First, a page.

The recent deal over the debt ceiling guarantees that the U.S. government will reduce its spending on foreign policy, which will force America to scale down its ambitions abroad.
Despite all the ominous warnings of wily terrorists and imminent attacks, there has been neither a successful strike nor a close call in the United States since 9/11. The reasonable -- but rarely heard -- explanation is that there are no terrorists within the United States, and few have the means or the inclination to strike from abroad.
Given the threats it faces, from nuclear-armed autocracies to terrorists, the United States cannot afford to scale back its military, argues Paul Miller. Micah Zenko and Michael Cohen reply that the danger of these challenges is vastly exaggerated and that an overly militarized foreign policy has not made the country safer.
Last August, the Republican presidential contender Mitt Romney performed what has become a quadrennial rite of passage in American presidential politics: he delivered a speech to the annual convention of the Veterans of Foreign Wars. His message was rooted in another grand American tradition: hyping foreign threats to the United States. It is “wishful thinking,” Romney declared, “that the world is becoming a safer place. The opposite is true. Consider simply the jihadists, a near-nuclear Iran, a turbulent Middle East, an unstable Pakistan, a delusional North Korea, an assertive Russia, and an emerging global power called China. No, the world is not becoming safer.”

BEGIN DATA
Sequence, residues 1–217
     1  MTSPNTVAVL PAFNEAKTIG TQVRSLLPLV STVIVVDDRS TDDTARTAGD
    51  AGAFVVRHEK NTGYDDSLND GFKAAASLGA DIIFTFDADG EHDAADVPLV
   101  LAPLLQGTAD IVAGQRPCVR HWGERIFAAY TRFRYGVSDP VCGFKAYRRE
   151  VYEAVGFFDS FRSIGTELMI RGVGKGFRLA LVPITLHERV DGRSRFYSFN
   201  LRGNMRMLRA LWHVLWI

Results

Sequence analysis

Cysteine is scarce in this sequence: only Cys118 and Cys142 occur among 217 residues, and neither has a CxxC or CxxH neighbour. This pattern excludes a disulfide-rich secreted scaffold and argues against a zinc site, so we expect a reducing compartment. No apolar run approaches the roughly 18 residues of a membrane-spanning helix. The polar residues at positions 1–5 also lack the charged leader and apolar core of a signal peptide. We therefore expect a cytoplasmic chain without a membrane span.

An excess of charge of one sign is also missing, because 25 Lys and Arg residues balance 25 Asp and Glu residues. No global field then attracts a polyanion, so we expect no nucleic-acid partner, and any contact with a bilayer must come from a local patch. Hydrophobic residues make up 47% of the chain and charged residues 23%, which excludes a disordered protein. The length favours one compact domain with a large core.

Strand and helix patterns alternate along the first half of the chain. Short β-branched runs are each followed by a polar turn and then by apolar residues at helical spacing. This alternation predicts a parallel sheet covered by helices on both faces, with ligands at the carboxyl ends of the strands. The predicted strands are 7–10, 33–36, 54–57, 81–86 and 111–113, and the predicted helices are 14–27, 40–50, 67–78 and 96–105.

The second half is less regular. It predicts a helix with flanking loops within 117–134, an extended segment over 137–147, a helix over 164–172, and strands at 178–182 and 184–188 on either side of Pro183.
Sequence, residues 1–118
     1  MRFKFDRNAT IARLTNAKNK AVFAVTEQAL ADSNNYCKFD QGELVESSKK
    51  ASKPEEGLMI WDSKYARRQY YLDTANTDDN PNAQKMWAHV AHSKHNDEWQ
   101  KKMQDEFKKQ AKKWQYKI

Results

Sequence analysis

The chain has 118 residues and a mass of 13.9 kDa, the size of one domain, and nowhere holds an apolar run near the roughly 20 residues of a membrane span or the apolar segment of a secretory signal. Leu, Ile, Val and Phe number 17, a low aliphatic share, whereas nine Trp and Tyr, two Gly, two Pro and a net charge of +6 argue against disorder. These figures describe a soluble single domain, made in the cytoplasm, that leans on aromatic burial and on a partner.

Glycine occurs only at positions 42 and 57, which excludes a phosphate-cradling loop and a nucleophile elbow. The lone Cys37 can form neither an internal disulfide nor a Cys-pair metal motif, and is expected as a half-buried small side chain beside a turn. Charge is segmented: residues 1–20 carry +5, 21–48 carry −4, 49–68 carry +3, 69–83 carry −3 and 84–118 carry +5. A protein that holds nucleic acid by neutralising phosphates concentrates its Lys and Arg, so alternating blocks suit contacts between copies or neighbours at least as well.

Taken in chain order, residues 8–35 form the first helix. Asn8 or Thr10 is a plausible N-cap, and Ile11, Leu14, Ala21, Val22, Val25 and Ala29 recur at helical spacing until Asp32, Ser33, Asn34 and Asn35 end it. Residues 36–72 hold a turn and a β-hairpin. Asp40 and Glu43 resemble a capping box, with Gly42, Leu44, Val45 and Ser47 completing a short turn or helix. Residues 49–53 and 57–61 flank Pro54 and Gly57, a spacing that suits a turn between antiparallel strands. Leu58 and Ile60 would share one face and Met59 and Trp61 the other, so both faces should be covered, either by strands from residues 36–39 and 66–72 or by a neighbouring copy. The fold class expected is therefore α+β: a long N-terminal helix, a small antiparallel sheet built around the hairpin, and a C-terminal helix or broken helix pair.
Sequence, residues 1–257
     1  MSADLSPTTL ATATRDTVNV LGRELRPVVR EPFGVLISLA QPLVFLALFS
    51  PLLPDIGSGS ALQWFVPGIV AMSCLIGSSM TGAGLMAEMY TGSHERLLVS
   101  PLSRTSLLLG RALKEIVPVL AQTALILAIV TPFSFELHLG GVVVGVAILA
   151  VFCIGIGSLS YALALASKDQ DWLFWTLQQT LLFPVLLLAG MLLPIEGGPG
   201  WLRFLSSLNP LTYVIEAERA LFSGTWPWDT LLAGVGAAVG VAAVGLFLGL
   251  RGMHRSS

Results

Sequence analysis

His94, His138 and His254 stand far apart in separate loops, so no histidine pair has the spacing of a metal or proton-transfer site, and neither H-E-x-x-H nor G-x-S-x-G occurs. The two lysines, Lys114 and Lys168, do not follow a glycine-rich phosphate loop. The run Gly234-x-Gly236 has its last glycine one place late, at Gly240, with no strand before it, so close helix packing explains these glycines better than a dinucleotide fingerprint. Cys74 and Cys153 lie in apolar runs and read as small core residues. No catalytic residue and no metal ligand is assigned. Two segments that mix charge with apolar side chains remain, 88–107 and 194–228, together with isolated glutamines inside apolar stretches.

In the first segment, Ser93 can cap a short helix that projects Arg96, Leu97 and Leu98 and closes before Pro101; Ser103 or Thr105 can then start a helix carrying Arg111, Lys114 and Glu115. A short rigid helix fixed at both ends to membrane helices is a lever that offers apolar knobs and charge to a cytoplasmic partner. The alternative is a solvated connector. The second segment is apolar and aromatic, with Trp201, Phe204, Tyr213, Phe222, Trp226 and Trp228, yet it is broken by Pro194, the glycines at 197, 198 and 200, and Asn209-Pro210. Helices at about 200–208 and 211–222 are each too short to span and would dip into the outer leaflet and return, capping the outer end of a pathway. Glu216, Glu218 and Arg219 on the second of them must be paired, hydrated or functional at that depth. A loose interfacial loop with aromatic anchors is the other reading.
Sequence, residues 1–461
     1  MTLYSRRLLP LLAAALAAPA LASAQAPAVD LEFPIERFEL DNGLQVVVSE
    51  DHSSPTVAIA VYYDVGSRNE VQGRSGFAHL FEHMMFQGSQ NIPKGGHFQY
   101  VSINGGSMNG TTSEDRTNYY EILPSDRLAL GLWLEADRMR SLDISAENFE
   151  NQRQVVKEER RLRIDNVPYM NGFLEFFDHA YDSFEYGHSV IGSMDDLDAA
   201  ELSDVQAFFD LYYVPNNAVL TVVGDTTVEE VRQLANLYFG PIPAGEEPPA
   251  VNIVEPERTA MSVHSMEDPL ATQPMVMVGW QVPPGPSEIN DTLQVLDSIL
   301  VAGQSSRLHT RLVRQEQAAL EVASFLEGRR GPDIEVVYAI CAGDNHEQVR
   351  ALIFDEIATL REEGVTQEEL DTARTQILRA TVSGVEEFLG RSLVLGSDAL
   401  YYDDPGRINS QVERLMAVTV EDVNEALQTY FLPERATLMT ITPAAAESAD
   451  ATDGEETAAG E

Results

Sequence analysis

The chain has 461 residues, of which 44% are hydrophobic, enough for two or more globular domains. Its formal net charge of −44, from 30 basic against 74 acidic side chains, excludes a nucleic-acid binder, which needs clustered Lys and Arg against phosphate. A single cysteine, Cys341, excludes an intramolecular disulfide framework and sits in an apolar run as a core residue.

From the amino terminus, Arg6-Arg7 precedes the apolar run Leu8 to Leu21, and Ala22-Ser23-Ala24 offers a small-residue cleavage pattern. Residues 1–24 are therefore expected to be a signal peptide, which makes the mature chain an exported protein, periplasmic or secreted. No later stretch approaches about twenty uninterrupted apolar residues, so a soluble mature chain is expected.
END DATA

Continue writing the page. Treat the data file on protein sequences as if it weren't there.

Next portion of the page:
Not long after, U.S. Secretary of Defense Leon Panetta echoed Romney’s statement. In a lecture last October, Panetta warned of threats arising “from terrorism to nuclear proliferation; from rogue states to cyber attacks; from revolutions in the Middle East, to economic crisis in Europe, to the rise of new powers such as China and India. All of these changes represent security, geopolitical, economic, and demographic shifts in the international order that make the world more unpredictable, more volatile and, yes, more dangerous.” General Martin Dempsey, chairman of the Joint Chiefs of Staff, concurred in a recent speech, arguing that “the number and kinds of threats we face have increased significantly.” And U.S. Secretary of State Hillary Clinton reinforced the point by claiming that America resides today in a “very complex, dangerous world.”
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